Labour Council refuses to take hard line on NHS privatisation

A Green Group motion to a full meeting of Oxford City Council condemning NHS privatisation was today watered-down by Labour Councillors removing reference to, amongst other things, support for the NHS Reinstatement Bill.

This Bill proposes, amongst other things, to reinstate in England the legal duty of the Secretary of State to provide the NHS, abolish competition in the provision of health services and restore public accountability.

The Bill is support by several MPs, many more prospective Parliamentary candidates from across the political spectrum, and organisations such as Keep Our NHS Public, the Medical Practitioners Union – Unite and the NHS Consultants’ Association.

Says City Green Group Leader, Cllr Sam Hollick, who proposed the motion; “It is extremely disappointing that the Labour-run City Council decided not to take a stronger line on protecting our National Health Service from damaging privatisation. The profit motive has no role to play in the delivery of  NHS services.”

In the debate, Cllr Hollick pointed to the recent example of Hinchingbrooke Hospital in Cambridgeshire. This was one of the first hospitals to be privatised (under the previous Labour Government) but has recently been abandoned by the private firm that runs it. 

Closer to home, although the nature of many private contracts is considered ‘commercially confidential’, campaigners believe that the Oxford University Hospitals Trust is saddled with unnecessary private debt repayments of more than £20m per year leaving less money for frontline services. 

Notes

[1] More on the NHS Reinstatement Bill http://www.nhsbill2015.org/

[2] Original Green Group motion

Reversing NHS privatisation (Proposed by Councillor Hollick), Green Group

Council notes that at the start of this year the first private company to run a hospital walked away from its contract. This followed critical findings from the Care Quality Commission around inadequate standards for safety and patient care.

Council believes that this example clearly illustrates the dangers of privatisation in the NHS, and is concerned that uncertainty created by private providers could increase now that the Secretary of State’s duty to provide has been abolished by the 2012 Health and Social Care Act.

Council welcomes the Private Member’s Bill from Clive Efford MP [1] as an attempt to tackle privatisation, but notes this Bill’s shortcomings - including the failure to re-establish the Secretary of State’s duty to provide the NHS. Council therefore resolves to:

(i) endorse the NHS Reinstatement Bill [2] which proposes to:

• reinstate in England the legal duty of the Secretary of State to provide the NHS

• abolish competition;

• abolish the purchaser-provider split;

• re-establish public bodies and public accountability; and

• restrict the role of commercial companies. 

(ii) call on the city’s two MPs to support the Bill to be introduced in the next parliament.

[3] Motion after being watered-down by Labour (replacement wording underlined)

Council notes that at the start of this year the first private company to run a hospital walked away from its contract. This followed critical findings from the Care Quality Commission around inadequate standards for safety and patient care.

Council believes that this example clearly illustrates the dangers of privatisation in the NHS, and is concerned that uncertainty created by private providers could increase now that the Secretary of State’s duty to provide has been abolished by the 2012 Health and Social Care Act.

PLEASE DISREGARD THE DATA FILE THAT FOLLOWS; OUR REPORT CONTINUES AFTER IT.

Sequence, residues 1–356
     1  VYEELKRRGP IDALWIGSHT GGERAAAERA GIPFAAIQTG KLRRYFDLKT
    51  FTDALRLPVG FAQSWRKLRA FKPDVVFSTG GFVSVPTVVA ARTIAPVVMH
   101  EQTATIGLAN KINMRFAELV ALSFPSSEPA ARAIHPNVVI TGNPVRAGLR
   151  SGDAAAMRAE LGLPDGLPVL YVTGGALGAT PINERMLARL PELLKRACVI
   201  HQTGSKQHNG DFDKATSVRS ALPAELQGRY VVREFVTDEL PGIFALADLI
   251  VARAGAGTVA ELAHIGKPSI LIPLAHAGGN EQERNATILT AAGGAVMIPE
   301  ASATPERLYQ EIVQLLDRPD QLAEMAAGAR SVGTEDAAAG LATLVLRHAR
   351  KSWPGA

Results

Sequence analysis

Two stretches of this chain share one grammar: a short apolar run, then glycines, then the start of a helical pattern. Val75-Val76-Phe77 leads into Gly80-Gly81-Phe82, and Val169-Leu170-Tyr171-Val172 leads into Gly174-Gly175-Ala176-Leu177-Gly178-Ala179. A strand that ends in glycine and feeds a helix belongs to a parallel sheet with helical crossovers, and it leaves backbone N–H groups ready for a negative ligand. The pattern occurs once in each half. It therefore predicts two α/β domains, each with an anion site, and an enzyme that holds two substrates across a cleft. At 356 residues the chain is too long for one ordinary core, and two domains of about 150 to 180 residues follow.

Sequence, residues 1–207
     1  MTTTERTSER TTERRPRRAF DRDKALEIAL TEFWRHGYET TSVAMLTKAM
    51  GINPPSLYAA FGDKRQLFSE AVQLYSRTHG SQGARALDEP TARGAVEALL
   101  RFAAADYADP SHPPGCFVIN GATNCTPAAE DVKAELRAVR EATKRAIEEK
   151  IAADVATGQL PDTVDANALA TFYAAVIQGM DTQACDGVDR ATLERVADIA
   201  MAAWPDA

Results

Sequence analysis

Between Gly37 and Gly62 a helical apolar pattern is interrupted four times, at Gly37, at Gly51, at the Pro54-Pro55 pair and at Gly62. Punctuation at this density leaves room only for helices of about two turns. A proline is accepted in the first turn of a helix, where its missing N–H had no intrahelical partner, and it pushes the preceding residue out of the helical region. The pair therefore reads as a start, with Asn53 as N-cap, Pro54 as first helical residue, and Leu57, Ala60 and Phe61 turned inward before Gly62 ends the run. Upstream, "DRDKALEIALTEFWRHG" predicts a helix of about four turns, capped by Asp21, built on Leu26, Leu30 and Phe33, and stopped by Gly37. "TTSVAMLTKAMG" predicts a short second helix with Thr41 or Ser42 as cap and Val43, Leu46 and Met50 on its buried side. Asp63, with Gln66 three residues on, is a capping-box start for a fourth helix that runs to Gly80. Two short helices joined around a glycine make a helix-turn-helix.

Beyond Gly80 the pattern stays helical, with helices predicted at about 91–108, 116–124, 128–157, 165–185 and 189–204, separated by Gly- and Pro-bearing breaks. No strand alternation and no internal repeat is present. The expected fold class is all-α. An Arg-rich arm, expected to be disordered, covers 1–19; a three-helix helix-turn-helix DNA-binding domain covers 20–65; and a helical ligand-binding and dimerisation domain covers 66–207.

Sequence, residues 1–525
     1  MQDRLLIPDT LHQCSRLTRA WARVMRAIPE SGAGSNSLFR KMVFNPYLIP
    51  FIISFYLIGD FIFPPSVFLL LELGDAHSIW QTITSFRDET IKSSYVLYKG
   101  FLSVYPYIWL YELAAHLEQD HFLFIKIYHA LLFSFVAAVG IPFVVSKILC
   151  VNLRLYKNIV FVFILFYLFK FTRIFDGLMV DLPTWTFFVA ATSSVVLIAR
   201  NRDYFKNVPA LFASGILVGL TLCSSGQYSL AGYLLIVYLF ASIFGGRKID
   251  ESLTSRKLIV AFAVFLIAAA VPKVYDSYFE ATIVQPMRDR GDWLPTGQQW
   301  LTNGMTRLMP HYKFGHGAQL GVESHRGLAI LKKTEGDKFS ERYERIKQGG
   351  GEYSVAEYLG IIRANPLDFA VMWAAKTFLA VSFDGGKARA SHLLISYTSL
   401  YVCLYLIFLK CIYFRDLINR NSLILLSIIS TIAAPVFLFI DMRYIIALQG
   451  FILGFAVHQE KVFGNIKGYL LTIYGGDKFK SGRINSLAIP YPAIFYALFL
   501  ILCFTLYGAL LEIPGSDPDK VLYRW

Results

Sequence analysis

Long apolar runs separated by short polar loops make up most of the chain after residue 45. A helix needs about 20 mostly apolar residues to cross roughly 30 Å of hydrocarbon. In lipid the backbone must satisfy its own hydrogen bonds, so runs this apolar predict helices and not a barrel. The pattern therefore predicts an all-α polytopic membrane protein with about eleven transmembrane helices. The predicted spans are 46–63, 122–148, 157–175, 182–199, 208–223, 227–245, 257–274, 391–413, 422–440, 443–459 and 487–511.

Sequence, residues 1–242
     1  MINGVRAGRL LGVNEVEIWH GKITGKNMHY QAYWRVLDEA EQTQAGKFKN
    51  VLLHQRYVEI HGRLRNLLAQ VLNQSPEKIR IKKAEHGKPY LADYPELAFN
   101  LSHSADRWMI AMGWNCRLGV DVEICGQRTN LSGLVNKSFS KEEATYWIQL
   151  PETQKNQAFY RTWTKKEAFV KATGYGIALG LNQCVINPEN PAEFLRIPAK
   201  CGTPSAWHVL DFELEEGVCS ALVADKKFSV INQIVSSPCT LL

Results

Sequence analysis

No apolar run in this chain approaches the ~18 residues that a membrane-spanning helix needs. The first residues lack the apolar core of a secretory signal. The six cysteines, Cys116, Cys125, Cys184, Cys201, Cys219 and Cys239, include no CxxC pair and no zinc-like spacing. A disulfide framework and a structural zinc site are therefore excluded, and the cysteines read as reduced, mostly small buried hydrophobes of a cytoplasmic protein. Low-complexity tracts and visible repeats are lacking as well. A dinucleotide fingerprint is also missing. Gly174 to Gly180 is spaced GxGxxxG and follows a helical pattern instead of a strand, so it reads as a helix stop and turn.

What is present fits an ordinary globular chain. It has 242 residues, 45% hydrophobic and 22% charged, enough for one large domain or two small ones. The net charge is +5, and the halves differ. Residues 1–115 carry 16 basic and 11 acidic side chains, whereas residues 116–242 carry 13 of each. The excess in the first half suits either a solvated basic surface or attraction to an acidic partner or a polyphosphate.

Council welcomes the Private Member’s Bill from Clive Efford MP.

Council believes that the last thing that our precious National Health Service needs is another top down reorganisation.

Council recognises the tremendous strain on staff in all parts of our health service at the moment in a climate of shortages of nurses and doctors at a time of increasing numbers of patients with more complex needs.

Council believes that we must preserve the values of our National Health Service for future generations and that we should listen to those currently working in the health service about the need for integration of health and social care services as well as the importance of public health.

[4] http://www.bbc.co.uk/news/business-30742845

[5] From http://keepournhspublicoxfordshire.org.uk/pfi/pfi-in-oxford/

PFI projects in Oxford include the £20m Oxford Children’s Hospital and JR West Wing, the Oxford Cancer Centre, and the Nuffield Orthopaedic Centre. The Oxford University Hospitals Trust (OUH) faces an annual bill of about £53m to fund repayments on the private loans taken out to pay for developments such as the Children’s Hospital and Oxford Cancer Centre.When the government borrows money to invest, it pays a very low interest rate. PFI repayments have high interest on their repayment, some around 10 per cent. The cost of the recent buildings on the Churchill and Nuffield sites was about £300 million. The estimated total repayment over 30 years will be about £1.2 billion. The interest payment will therefore total about £900 million. Even at a fairly high interest rate for a government body, interest would come to some £300 million over 30 years. This means that the additional (unnecessary) cost of the PFI is about £600 million or £20 million per year.The payments on the building cost are something like half the total PFI payment. The other payments are for outsourced services.In 2012 it was announced that Oxford hospitals had to make cuts in expenditure of £160 million over the next four years. But repayments on PFI contracts can not be cut; they are protected from the government’s plans to cut £2 billion from healthcare. The result is cuts in staff.


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